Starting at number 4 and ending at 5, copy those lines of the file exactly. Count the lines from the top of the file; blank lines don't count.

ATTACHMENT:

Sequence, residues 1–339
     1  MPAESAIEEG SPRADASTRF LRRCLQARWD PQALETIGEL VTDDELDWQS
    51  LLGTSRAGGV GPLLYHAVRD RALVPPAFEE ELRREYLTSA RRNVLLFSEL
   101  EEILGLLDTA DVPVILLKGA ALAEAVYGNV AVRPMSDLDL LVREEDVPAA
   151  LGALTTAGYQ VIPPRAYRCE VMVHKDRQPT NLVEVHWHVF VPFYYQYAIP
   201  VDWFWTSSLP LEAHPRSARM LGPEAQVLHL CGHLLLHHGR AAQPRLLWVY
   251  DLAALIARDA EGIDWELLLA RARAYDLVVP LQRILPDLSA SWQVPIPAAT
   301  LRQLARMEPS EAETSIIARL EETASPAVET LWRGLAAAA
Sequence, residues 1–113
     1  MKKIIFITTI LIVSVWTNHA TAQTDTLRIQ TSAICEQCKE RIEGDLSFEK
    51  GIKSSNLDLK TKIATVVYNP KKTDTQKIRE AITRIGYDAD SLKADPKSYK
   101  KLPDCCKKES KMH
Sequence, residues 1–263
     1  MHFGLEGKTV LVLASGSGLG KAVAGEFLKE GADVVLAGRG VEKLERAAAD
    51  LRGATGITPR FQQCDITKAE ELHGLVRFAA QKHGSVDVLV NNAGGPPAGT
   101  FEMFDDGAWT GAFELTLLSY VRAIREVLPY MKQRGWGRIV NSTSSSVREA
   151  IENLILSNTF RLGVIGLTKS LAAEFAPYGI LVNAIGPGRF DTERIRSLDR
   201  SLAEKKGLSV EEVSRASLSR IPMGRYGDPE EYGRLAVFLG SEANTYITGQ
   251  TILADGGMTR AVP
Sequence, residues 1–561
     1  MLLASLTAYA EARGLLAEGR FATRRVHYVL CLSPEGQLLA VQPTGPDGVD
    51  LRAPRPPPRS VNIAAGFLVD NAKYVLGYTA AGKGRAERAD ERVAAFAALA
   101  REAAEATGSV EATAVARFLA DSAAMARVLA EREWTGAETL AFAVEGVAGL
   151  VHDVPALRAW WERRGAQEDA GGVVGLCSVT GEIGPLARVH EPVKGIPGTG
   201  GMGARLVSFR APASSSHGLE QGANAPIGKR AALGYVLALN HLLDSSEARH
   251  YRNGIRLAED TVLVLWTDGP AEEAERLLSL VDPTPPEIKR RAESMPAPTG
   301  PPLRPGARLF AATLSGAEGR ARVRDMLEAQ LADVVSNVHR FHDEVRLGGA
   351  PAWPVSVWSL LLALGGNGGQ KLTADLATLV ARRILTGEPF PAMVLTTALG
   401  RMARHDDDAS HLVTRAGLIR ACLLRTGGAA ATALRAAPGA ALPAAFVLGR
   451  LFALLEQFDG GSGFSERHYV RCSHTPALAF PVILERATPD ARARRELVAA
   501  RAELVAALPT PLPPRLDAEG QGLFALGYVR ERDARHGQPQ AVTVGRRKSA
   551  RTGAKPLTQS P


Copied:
   101  EEILGLLDTA DVPVILLKGA ALAEAVYGNV AVRPMSDLDL LVREEDVPAA
   151  LGALTTAGYQ VIPPRAYRCE VMVHKDRQPT NLVEVHWHVF VPFYYQYAIP